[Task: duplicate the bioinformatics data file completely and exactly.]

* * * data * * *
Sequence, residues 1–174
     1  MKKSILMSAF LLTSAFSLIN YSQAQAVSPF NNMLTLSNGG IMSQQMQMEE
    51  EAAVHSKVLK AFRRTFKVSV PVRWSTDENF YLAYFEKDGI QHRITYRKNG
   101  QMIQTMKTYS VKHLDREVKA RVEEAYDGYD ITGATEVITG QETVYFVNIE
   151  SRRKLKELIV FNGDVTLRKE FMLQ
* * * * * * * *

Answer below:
Sequence, residues 1–174
     1  MKKSILMSAF LLTSAFSLIN YSQAQAVSPF NNMLTLSNGG IMSQQMQMEE
    51  EAAVHSKVLK AFRRTFKVSV PVRWSTDENF YLAYFEKDGI QHRITYRKNG
   101  QMIQTMKTYS VKHLDREVKA RVEEAYDGYD ITGATEVITG QETVYFVNIE
   151  SRRKLKELIV FNGDVTLRKE FMLQ